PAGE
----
IRA Financial’s Adam Bergman, discusses the SECURE Act and how it may impact your retirement savings, including MEP plans, the Stretch IRA and the RMD age.
What is the SECURE Act?
SECURE stands for Setting Every Community Up for Retirement Enhancement. The act, which passed through the House of Representatives on May 23, 2019, is designed to help make saving for retirement easier for everyone. The SECURE Act, or something closely resembling it, should get signed into law in the near future. There is bipartisan support that should help improve an already decent retirement system.
With more and more Americans working well past the age of 65 (and living a lot longer), more legislation is needed to help older savers prepare for a long retirement. Further, it’s important to encourage all businesses, both large and small, to offer employees the best plan they can. The SECURE Act will help in several ways.
READ THIS: Why RESA Act Helps Small Businesses
What Changes Are Coming?
Multiple Employer Plans (MEP)
The cost of creating a 401(k) plan is a huge factor why many small businesses do not offer them. The SECURE Act will make it much easier for businesses to pool together to create an MEP. No longer do the businesses need to be in the same industry. Further, the “one bad apple” rule will no longer exist. So, if one company screws up, the other businesses would not take the fall as well. Lastly, there will be a $500 tax credit to those who open a new 401(k) or SIMPLE IRA and offer auto-enrollment.
Next, is the age in which you must start taking your Required Minimum Distributions, or RMDs. Currently, you must start withdrawing from traditional IRAs and 401(k) plans at age 70 1/2. That number is being bumped up to age 72. This allows older workers more time to let their next egg grow. An extra year and a half can make a huge difference as people live longer.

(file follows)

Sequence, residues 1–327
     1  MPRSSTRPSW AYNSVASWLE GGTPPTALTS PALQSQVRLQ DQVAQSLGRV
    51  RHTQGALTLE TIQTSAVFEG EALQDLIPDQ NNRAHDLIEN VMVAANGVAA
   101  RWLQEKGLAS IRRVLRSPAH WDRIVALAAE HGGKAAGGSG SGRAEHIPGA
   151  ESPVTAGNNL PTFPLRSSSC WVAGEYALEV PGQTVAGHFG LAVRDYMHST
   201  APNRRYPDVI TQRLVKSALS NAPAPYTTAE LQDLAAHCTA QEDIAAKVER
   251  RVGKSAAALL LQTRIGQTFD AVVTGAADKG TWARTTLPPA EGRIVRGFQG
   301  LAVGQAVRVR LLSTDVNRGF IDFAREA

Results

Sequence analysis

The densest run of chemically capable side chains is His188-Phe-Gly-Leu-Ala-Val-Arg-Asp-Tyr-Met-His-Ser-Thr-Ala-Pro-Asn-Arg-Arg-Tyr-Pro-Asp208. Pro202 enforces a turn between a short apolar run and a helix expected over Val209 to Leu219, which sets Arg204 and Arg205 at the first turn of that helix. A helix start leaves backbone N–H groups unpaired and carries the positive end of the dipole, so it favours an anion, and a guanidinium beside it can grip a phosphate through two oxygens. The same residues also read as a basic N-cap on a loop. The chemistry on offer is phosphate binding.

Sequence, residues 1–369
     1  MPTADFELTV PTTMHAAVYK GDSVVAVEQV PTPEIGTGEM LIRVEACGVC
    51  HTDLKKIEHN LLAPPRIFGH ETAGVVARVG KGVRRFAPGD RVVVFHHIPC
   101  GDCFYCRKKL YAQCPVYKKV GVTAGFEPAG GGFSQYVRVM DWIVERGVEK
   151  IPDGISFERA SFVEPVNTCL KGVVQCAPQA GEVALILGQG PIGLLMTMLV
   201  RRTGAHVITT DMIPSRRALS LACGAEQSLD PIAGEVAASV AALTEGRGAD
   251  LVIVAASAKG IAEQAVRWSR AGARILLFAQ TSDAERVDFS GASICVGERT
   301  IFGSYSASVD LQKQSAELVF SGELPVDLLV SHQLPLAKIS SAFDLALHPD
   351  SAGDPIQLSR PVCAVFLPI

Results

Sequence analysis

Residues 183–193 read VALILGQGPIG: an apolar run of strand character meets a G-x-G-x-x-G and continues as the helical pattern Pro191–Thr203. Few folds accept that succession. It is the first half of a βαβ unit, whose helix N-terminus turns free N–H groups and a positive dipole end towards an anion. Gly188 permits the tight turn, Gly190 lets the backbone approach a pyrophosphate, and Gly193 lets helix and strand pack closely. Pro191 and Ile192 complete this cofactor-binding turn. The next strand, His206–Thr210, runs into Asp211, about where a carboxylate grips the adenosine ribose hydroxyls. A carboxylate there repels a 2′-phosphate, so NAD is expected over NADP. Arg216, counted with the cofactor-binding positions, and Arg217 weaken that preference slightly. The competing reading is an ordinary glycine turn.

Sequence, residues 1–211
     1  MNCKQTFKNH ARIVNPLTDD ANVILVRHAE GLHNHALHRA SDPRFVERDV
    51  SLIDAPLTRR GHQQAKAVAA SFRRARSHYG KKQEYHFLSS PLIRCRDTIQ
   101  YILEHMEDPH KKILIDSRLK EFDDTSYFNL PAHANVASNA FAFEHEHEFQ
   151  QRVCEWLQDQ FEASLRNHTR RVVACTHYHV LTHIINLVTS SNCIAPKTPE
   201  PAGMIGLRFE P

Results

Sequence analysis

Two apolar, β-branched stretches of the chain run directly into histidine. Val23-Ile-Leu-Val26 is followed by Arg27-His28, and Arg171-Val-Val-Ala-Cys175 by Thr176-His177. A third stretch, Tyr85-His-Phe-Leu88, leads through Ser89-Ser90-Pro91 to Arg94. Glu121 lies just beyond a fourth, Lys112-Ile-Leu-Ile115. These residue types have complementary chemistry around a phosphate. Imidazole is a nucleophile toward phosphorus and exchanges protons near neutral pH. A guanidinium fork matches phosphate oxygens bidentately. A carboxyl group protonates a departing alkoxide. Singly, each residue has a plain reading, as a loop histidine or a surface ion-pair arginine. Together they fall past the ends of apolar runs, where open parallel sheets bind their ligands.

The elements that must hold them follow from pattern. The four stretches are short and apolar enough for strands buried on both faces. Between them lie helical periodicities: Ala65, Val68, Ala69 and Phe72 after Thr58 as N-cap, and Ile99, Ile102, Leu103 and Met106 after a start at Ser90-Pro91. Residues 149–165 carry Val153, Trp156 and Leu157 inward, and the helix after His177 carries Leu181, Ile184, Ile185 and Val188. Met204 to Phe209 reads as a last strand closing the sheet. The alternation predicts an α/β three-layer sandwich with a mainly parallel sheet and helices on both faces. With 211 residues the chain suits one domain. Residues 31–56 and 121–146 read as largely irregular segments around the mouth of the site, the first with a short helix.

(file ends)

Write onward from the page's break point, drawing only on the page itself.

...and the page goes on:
As of right now, age 70 1/2 is also the limit for when you can contribute to a traditional IRA. That restriction will now be gone. So long as you have earned income, you will be able to contribute to a traditional IRA. Note: Roth IRAs do not have the age restriction.
No More “Stretch” IRA
Current rules allow a non-spousal beneficiary of an IRA to “stretch” withdrawals from the plan over his or her lifetime. The SECURE act will limit that to ten years for most beneficiaries. Basically, if you’re the spouse of the decedent, you may still assume the IRA as your own. Also, if you are a minor child, the ten year limit will not apply as well. However, just about any other type of beneficiary will have to withdraw the account to $0 within ten years. No longer will you have a lifetime of benefits the Inherited IRA affords you now.
Other Benefits from the SECURE Act
- Here are a few more benefits the SECURE Act will look to bring to the American population:
- Part-time employee participation in a 401(k) plan
- Annuities can now be offered in 401(k) plans
- 401(k) statements must include a “lifetime income stream” disclosure
- More flexibility for 529 Plans
- Penalty-free childbirth and/or adoption cost withdrawals
The SECURE Act is the first major piece of legislation concerning retirement plans in a long while. There are many great propositions to the Act (along with a couple not so good ones). Anything that helps more Americans save for retirement is a good thing. Feel free to contact us @ 800.472.0646 and be sure to check out our other podcasts!